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ORIGINAL ARTICLE
Year : 2021  |  Volume : 23  |  Issue : 1  |  Page : 41-49

How was the management of patients scheduled for surgical biopsy through a multidisciplinary approach to the diagnosis of interstitial lung diseases? Was a pathological diagnosis alone enough?


1 Department of Pulmonology, University of Health Sciences Istanbul Sureyyapasa Chest Diseases and Thoracic, Surgery Training and Research Hospital, Istanbul, Turkey
2 Department of Thoracic Surgery, University of Health Sciences Istanbul Sureyyapasa Chest Diseases and Thoracic, Surgery Training and Research Hospital, Istanbul, Turkey
3 Department of Radiology, Istanbul Florence Nightingale Hospital, Istanbul, Turkey
4 Department of Pathology, University of Health Sciences Istanbul Sureyyapasa Chest Diseases and Thoracic, Surgery Training and Research Hospital, Istanbul, Turkey

Correspondence Address:
Meltem Agca
Department of Pulmonology, University of Health Sciences Istanbul Sureyyapasa Chest Diseases and Thoracic Surgery Training and Research Hospital, Istanbul
Turkey
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Source of Support: None, Conflict of Interest: None


DOI: 10.4103/ejop.ejop_67_20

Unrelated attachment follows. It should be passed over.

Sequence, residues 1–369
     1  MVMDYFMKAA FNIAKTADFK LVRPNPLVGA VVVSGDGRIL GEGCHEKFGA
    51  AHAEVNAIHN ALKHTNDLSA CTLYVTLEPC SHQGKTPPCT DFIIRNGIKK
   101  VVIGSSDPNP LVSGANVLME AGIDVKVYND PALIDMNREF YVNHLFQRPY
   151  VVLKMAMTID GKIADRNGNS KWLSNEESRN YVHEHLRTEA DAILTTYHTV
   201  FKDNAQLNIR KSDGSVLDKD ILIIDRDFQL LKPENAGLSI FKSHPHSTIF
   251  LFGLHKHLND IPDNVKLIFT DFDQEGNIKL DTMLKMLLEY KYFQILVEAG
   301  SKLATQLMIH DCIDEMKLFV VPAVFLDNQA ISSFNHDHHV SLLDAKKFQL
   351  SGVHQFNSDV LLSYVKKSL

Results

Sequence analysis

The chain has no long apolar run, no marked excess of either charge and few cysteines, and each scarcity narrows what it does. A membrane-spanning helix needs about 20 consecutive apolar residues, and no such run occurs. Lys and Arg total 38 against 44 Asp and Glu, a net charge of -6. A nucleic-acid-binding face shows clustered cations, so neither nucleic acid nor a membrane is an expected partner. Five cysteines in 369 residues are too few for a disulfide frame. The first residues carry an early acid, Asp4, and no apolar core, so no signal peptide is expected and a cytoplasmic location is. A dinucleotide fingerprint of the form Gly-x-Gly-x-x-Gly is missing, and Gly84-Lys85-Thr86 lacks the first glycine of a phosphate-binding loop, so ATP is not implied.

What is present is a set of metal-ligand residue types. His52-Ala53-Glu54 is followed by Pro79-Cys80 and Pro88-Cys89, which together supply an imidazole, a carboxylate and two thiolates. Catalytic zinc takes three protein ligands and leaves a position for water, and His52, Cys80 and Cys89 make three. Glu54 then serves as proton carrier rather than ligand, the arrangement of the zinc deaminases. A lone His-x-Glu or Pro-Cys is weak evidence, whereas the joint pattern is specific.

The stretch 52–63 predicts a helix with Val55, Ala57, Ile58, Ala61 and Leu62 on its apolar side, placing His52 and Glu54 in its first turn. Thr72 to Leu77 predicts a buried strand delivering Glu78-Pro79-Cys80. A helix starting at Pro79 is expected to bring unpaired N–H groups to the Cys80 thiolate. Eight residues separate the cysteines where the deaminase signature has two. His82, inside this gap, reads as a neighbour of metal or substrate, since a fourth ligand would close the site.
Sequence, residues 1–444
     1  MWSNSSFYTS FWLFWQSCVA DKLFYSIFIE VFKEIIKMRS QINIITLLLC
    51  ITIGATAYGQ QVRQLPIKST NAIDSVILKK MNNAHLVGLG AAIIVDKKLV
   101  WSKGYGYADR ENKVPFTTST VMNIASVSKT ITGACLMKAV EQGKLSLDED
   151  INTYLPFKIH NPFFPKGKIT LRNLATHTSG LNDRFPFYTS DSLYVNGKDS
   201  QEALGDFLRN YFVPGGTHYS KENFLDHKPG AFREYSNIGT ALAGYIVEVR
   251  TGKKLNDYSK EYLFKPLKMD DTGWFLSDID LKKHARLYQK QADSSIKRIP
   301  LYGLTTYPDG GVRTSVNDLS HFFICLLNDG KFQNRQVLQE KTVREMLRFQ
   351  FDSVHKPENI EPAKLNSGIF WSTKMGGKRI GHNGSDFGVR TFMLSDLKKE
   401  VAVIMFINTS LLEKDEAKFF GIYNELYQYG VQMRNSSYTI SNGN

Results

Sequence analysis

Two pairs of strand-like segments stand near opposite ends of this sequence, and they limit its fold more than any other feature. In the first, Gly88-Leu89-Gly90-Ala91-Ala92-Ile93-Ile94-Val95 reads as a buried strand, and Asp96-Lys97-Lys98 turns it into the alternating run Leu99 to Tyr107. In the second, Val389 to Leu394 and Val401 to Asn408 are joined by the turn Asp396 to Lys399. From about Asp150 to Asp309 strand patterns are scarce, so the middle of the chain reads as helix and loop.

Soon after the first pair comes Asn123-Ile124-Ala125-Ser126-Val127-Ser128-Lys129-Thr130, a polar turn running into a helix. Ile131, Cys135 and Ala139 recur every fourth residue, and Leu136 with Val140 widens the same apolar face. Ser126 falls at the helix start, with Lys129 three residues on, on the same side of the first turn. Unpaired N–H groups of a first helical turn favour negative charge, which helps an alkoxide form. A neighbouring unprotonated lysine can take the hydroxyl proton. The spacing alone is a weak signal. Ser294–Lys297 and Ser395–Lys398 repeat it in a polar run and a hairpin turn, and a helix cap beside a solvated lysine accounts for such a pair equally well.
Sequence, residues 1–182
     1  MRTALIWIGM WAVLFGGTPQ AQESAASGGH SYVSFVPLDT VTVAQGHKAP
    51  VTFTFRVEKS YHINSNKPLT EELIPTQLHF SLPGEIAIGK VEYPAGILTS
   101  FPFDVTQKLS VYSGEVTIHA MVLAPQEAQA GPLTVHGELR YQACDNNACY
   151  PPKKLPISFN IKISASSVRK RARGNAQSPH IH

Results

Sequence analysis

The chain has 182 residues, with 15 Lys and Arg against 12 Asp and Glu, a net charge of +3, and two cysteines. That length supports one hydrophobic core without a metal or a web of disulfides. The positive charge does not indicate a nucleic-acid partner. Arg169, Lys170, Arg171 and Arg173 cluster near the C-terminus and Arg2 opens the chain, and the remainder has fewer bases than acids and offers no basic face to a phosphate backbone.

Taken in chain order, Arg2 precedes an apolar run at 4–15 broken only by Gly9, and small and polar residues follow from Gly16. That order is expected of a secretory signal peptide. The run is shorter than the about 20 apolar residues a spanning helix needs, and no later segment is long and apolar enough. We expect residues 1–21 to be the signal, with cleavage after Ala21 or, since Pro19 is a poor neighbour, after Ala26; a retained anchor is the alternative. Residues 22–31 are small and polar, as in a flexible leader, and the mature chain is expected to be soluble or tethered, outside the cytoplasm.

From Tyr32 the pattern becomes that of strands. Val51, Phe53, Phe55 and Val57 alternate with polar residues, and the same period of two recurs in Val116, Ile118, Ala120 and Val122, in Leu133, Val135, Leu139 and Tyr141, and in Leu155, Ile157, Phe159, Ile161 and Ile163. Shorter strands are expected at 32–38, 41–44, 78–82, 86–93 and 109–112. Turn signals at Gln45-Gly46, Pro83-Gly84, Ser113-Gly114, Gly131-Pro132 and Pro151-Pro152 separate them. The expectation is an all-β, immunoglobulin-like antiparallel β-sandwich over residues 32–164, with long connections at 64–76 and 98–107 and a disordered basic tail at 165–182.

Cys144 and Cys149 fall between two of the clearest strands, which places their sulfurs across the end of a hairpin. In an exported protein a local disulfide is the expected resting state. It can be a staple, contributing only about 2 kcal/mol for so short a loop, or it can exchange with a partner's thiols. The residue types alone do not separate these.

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OBJECTIVE: The present study examines the clinical and radiological findings and pathological diagnoses of patients undergoing surgical biopsy with an multidisciplinary team (MDT) decision and investigates whether final diagnoses change on the reevaluated of pathological diagnoses at MDT meetings. MATERIALS AND METHODS: A total of 416 patients were discussed at MDT meetings held at the University of Health Sciences Istanbul Sureyyapasa Chest Diseases and Thoracic, Surgery Training and Research Hospital January between January 2016 and May 2019, with surgical biopsy decisions made for 50 (12%) patients. RESULTS: Among the 50 patients, 26 (52%) were female, with a mean age of 53 ± 12 years. The most common locations of the surgical biopsy were the right lung (n = 27, 54%), lower lobe (n = 38, 76%) and single lobe (n = 35, 70%). A definitive pathological diagnosis was established in 41 (82%) patients following the biopsy. The most common diagnoses were usual interstitial pneumonia (UIP; n = 19, 38%), sarcoidosis (n = 11, 22%), unclassifiable fibrosis (n = 9, 18%), (non-specific interstitial pneumonia; n = 5, 10%), (hypersensitivity pneumonitis; n = 2, 4%) and others (n = 4, 8%), respectively. Diagnoses of 13 (26%) such patients were revised. The revision was most common in the unclassifiable fibrosis and UIP subgroups. The radiological appearance was classified based on the high-resolution computed tomography parameters for idiopathic pulmonary fibrosis (IPF). The final diagnosis was IPF in eight of 14 patients with “probable” diagnoses, all four patients with “indeterminate” diagnoses and three of the 28 patients with “alternative” diagnoses. CONCLUSION: Diagnosing interstitial lung diseases is difficult, and while surgical biopsy provides the most definitive diagnosis, it is not enough by itself. IPF may vary in radiology. Patients diagnosed with UIP and unclassifiable fibrosis after biopsy should be reevaluated, and the final diagnosis should be established through a multidisciplinary approach.


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